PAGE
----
SHU archives: Saving more than just books

Black poses with a cup of tea in hand. He keeps a log of everything that has been asked about and looked at, which will also be archived. Photo courtesy of L.Cowan/Setonian.

Black poses with a cup of tea in hand. He keeps a log of everything that has been asked about and looked at, which will also be archived. Photo courtesy of L.Cowan/Setonian.

What would you do if tomorrow you pick up your laptop and it didn’t turn on? After using your charger for an hour and the laptop still doesn’t work, you take it to the solution center to realize it’s not just your computer. What would you do if the entire system went down?

Luckily, if such a thing would happen to Seton Hill University (SHU), Bill Black has it covered.

“For most archives, people come and research. Here, they call and I research,” Black said. During his time in the archives Black processes and gathers information to file it away. He also gets calls several times a week, asking to gather information on particular topics.

SHU students and faculty are welcome to stop by or make a call to Black, to look up a little piece of history ranging from a week prior to when the archives were built. When walking into the building, it may take your eyes a while to see everything. A few trips may be necessary to fully gather all of the artifacts, books, pictures, sculptures, blueprints and so much more.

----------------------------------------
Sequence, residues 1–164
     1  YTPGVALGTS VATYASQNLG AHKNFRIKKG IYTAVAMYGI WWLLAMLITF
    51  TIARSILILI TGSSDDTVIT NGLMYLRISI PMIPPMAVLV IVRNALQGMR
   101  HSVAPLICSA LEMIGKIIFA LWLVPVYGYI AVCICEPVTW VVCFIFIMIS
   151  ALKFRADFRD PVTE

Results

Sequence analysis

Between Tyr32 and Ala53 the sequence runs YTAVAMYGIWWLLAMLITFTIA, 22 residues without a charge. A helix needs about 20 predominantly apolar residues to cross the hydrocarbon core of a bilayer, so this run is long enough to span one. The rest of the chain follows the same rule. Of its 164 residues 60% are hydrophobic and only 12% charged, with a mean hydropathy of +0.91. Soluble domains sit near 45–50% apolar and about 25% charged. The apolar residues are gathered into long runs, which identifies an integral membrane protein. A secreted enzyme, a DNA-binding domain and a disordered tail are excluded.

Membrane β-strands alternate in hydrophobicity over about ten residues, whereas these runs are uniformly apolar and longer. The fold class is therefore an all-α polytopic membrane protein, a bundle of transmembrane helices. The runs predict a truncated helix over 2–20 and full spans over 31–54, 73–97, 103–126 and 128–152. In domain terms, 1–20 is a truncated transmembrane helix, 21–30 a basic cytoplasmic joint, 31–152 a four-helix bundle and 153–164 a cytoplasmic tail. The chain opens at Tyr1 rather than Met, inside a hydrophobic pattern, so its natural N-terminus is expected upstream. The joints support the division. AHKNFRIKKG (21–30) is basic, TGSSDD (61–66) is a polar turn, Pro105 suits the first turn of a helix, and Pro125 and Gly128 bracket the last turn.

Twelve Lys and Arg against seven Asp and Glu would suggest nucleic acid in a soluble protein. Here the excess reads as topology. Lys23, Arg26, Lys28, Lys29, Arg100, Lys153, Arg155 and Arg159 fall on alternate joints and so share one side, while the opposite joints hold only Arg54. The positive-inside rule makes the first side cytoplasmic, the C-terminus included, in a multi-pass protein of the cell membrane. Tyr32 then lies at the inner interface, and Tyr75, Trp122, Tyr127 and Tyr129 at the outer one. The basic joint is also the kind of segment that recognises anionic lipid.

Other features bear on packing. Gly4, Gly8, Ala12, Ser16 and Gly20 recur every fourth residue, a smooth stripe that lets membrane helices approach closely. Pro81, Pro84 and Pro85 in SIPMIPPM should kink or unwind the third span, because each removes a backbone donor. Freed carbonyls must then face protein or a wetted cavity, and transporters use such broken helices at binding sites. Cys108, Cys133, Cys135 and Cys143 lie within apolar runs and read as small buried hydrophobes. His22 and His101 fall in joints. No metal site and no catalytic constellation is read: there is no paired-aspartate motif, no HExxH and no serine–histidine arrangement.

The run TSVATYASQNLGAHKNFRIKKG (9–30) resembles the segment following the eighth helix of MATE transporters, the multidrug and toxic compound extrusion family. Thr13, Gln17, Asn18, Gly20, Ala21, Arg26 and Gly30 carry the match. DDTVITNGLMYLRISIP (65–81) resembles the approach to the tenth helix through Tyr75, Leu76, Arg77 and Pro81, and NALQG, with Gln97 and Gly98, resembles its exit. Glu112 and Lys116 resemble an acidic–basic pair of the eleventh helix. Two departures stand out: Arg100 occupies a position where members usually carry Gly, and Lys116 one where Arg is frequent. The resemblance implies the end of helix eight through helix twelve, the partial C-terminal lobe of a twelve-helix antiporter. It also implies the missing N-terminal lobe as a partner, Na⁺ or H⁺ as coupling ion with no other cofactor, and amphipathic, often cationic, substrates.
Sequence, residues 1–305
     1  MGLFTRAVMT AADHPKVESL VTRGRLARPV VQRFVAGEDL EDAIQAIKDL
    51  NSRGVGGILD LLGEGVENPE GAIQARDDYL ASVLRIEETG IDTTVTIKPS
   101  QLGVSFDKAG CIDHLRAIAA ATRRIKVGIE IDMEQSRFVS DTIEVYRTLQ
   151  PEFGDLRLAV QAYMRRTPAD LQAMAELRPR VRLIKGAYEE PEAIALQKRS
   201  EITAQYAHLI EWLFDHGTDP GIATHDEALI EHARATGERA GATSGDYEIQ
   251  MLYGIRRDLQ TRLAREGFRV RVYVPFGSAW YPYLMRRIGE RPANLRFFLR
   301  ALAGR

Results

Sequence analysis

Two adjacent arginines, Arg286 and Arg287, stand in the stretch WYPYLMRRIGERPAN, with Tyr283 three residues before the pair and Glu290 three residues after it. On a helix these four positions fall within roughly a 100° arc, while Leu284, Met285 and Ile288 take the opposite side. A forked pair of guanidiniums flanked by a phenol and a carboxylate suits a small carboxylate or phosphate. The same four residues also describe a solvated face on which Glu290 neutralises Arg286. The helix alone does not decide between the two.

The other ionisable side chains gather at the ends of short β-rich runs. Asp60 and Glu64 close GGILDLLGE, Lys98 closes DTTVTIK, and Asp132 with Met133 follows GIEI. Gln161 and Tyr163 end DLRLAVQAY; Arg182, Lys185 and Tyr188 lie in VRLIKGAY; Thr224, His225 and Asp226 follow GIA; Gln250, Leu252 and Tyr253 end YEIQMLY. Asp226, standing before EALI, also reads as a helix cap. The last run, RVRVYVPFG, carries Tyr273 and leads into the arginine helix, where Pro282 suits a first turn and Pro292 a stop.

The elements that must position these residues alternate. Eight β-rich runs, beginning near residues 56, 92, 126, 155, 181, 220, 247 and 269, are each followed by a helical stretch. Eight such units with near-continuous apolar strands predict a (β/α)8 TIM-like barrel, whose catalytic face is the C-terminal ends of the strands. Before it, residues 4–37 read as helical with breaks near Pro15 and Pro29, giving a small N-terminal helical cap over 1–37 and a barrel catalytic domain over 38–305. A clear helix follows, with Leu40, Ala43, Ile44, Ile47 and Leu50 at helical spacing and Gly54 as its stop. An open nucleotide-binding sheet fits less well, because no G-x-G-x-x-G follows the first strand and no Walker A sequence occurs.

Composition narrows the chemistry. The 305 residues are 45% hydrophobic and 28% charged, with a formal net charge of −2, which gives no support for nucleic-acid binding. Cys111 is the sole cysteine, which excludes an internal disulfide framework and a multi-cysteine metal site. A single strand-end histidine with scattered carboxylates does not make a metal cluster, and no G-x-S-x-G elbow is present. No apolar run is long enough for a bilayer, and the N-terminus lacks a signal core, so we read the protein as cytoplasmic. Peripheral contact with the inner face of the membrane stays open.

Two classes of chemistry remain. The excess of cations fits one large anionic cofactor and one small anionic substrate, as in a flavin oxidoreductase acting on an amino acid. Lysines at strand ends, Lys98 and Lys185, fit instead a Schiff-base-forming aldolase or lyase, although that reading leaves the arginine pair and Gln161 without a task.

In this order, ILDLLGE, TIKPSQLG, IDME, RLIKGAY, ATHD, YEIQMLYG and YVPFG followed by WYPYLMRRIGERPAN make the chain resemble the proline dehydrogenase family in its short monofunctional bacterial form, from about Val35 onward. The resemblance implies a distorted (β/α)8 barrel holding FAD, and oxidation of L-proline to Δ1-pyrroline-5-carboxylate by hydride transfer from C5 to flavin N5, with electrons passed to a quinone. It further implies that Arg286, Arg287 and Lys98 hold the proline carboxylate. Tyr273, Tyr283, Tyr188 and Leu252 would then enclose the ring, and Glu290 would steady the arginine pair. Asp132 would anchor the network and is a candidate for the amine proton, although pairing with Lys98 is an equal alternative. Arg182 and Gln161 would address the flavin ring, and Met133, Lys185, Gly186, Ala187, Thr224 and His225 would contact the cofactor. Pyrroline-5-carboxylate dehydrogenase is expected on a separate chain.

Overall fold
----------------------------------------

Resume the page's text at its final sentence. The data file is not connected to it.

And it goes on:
Items such as Mother Lowe’s letter books are stored away safely deep within the archives. One particular letter Black picked out started just like any other letter from Mother Lowe, “Dear Sir,” “but then quickly transitioned to telling a contractor, ‘it is obvious that your intent is to cheat, steal and lie,’” Black said. “No messing around with Mother Lowe. They didn’t have a leg to stand on.”

These letters have been saved since the very beginning of Seton Hill College. Black mentioned how these have been preserved through the years, stored away with other artifacts.

This artifact was moved to the archives when Seton Hill College was renamed Seton Hill University. It is still hanging proudly as a strong memory to the ones who remember. Photo courtesy of L.Cowan/Setonian.